The humility of being second to Australia in cancer mortality

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Professor Tony Blakely, Assoc Professor Diana Sarfati

There is nothing like being second to Australia to galvanize angst and consternation among Kiwis. Today Alafeishat and colleagues have published a paper in the NZ Medical Journal showing that New Zealand has higher death rates from cancer than Australia that cannot be explained by higher incidence for most sites. This suggests that there are differences in cancer survival, which appear to be particularly marked for bowel cancer, and for breast cancer for women. This is important, highlighting room to improve in our health sector. This blog we canvass how bad (or good) the situation really is, the problems and possible sources of error comparing survival across the ditch (it is not easy to do), and we conclude with policy implications.

Alafeishat and colleagues essentially repeated a study led by David Skegg (published in 2002), comparing cancer mortality for New Zealand with Australia. They found that New Zealand lagged, and Elwood and colleagues find that whilst both countries have enjoyed strong improvements since then, New Zealand still lags by roughly the same amount. Female kiwis have 15% higher death rates than expected using Aussie as the comparator, and males 5% higher. The biggest contributors to the gap were colorectal cancer (by a clear margin), lung and breast. Moreover, mortality gaps were considerably larger than incidence gaps, strongly suggesting that differing cancer survival is a major reason. Indeed, Mark Elwood (the senior author of this latest NZMJ paper) has already spoken elsewhere to their next study that shows clear gaps in survival between Australia and New Zealand, especially for survival after one year (which points to differences in early diagnosis and treatment).

Is it all bad? No. Both countries have enjoyed good improvements in cancer mortality (e.g. see recent PHE blog), and strong improvements in cancer survival. This latter survival improvement has been previously reported by the Ministry of Health, ourselves and others (see North and South Graphic of trends in cacner survival, using CancerTrends data and in figure below). And this improving survival is a global pattern. The health system is getting better at detecting cancer early, treatments are generally improving (e.g. for breast and colorectal cancers, but not so much lung and pancreatic cancer). Moreover, both New Zealand and Australia sit very near the top (again) of all countries now in life expectancy – so there are a lot of good things going on.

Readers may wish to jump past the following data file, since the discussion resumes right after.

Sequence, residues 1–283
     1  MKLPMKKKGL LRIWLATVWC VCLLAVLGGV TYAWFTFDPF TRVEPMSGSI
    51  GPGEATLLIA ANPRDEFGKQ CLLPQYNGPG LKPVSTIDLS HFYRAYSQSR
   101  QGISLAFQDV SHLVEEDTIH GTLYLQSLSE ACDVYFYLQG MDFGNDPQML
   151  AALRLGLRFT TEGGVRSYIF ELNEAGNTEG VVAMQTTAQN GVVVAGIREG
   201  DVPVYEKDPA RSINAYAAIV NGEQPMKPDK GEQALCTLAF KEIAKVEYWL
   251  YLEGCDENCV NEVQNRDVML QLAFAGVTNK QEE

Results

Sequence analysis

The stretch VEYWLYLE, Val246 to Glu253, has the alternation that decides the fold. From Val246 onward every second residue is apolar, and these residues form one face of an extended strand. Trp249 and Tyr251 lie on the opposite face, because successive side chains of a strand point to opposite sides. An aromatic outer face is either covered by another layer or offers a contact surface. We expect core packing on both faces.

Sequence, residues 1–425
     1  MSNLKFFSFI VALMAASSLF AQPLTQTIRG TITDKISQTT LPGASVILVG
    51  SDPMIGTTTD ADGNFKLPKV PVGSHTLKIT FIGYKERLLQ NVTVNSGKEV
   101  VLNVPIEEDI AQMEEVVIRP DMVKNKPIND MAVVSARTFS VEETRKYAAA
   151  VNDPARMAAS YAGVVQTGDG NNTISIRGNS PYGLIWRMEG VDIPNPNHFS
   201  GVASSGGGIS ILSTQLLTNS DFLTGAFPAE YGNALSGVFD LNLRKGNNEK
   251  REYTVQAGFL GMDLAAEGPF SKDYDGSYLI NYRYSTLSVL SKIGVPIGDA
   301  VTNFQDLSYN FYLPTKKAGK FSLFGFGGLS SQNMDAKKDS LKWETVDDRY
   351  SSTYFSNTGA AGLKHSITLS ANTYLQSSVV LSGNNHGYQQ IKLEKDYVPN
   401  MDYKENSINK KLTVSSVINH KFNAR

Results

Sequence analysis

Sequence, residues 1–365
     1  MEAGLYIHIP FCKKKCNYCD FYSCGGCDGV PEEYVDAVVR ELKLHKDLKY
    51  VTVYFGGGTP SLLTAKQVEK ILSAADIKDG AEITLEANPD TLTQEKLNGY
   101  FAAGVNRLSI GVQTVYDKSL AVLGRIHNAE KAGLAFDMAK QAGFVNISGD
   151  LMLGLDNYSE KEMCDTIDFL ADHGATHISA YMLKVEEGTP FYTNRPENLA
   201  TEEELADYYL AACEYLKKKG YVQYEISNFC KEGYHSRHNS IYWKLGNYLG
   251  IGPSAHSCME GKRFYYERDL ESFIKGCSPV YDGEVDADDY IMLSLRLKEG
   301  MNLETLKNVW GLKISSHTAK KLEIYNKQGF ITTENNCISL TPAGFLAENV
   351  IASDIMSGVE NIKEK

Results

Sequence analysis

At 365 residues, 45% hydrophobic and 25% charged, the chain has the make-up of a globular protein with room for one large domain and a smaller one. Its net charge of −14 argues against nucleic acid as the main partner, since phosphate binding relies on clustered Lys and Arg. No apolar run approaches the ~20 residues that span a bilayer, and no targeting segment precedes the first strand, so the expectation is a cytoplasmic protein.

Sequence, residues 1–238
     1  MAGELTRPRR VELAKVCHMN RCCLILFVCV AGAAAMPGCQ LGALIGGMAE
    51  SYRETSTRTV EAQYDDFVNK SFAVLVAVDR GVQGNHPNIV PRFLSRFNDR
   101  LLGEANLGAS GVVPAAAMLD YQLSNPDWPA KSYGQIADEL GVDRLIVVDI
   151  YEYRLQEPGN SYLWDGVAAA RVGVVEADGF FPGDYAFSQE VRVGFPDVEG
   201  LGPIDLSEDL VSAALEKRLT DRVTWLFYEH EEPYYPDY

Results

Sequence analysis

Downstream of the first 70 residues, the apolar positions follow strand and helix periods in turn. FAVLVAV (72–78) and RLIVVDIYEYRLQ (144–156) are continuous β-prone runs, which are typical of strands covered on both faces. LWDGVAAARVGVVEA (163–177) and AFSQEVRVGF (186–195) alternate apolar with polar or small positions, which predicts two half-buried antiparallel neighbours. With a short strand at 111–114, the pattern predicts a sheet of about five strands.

Cancer sruvival trends by site

Cancer sruvival trends by site (data provided by us, but graphic created by North & South Magazine and gratefully acknowledged)

But it is obviously not all good. That persistent gap in mortality and survival with Australia suggests we could do better. We know from various research and ‘on the ground’ feedback from colleagues at the coal face that there are delays in patients getting through the system to access treatments – there is room to improve. Furthermore, we have evidence for colon and lung cancer that there are ethnic inequalities in access to treatment – although more recent data from the “C3 Project” led by Diana Sarfati would suggest that inequalities may be lessening, albeit still present in places. And we do know the sorts of interventions that can be done to improve patient journeys through cancer care, such as cancer care coordinators (which are being implemented in New Zealand, and which we have shown elsewhere to be cost-effective – at least for stage III colon cancer).